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How and When to Use Serial De-Essing

There was a question about de-essing going inside one of the Facebook communities I’m a member of a few days ago.

A good friend of mine, Sigurdór Guðmundsson, master audio engineer and awesome musician, had some great thoughts on de-essing that I thought I’d share with you.

The question was:

“As far as de-essers go, where would you put them in your process chain? Beginning? After wideband compression? EQ?”

I usually put a de-esser on a vocal once I hear that it’s needed. However, it’s usually after EQ and compression.

I had never thought to use multiple de-essers at a time, but Sigurdór had some great thoughts on the subject.

If you want to know exactly what a de-esser really does, and how you can actually create one with an EQ and a compressor, I wrote this article 7 years ago: How to Create a De-Esser from Scratch.

Since a de-esser is basically a frequency dependent compressor it makes total sense to think of them the same way. I use serial compression a lot, with multiple types of compressors compressing a couple dBs at a time.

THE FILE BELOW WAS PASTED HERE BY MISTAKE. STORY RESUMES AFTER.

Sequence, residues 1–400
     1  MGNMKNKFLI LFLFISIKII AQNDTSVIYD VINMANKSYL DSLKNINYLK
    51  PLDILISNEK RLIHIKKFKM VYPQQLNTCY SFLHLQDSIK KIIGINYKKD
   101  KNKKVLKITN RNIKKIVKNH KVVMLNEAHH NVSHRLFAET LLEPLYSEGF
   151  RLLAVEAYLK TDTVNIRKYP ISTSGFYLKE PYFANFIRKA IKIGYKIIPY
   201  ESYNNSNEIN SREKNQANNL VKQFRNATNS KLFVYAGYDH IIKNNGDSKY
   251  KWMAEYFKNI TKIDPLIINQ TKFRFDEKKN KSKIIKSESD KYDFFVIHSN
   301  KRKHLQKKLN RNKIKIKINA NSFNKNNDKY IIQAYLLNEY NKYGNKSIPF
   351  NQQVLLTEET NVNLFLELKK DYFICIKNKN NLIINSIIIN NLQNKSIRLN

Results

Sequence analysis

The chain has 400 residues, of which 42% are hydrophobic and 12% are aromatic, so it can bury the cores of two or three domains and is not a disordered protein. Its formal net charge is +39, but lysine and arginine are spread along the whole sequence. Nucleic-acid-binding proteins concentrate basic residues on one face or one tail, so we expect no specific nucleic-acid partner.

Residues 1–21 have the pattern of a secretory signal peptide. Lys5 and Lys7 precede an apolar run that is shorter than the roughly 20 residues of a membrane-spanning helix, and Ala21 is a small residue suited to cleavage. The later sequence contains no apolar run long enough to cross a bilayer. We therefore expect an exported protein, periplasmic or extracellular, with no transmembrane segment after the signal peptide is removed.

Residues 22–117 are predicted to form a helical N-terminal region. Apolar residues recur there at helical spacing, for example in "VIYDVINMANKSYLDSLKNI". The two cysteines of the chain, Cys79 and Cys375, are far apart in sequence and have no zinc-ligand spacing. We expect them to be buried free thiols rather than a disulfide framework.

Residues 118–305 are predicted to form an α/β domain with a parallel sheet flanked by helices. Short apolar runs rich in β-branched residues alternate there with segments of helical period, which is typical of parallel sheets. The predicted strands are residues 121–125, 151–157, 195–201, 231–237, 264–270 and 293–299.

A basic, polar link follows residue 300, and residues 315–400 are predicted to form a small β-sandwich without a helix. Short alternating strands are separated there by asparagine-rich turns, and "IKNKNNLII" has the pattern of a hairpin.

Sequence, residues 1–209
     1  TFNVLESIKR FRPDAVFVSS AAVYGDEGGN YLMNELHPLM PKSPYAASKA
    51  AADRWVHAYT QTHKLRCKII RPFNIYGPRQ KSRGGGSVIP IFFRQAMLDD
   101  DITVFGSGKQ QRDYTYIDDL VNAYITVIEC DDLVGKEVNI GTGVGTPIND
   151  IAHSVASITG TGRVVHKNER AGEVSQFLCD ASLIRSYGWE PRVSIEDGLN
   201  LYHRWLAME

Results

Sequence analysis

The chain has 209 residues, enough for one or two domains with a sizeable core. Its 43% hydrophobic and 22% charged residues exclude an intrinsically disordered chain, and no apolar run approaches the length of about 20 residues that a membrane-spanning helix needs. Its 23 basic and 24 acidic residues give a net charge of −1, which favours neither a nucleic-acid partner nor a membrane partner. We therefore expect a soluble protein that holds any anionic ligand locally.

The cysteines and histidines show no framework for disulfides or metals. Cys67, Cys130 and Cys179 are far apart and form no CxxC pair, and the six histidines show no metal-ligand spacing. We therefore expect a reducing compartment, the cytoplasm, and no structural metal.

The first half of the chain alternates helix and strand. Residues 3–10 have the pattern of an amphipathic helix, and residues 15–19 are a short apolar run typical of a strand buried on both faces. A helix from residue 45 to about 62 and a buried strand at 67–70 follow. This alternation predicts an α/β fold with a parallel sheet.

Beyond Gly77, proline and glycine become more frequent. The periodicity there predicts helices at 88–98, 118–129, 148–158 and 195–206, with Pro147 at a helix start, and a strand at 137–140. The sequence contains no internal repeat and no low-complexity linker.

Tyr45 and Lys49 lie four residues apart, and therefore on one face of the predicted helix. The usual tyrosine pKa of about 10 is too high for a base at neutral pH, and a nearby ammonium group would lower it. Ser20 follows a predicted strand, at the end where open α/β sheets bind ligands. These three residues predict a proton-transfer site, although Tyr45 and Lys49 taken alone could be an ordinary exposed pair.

In fact, I do just that in the compression module in the Mixing With 5 Plug-ins course, using both an 1176 style FET compressor for the peaks and then a slower LA2A opto style for general leveling.

If you’d like to get better mixes using only 5 plug-ins, check out the course here.


Tomorrow is the one-year anniversary of The Long Wait’s debut album, a band I am very proud to have been a member of. Although the band is no longer, I’m still proud of the production and mixing work I did on it. The reason I mention it is that Sigurdór Guðmundsson, the De-Esser Wizard above, played bass on track #9, “Dispute.” 

It’s a small world when you’re an Icelander…

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About me

About Björgvin Benediktsson

I’m Björgvin Benediktsson. I’m a musician, audio engineer and best-selling author. I help musicians and producers make a greater impact with their music by teaching them how to produce and engineer themselves. I’ve taught thousands of up and coming home studio producers such as yourself how to make an impact with their music through Audio Issues since 2011.

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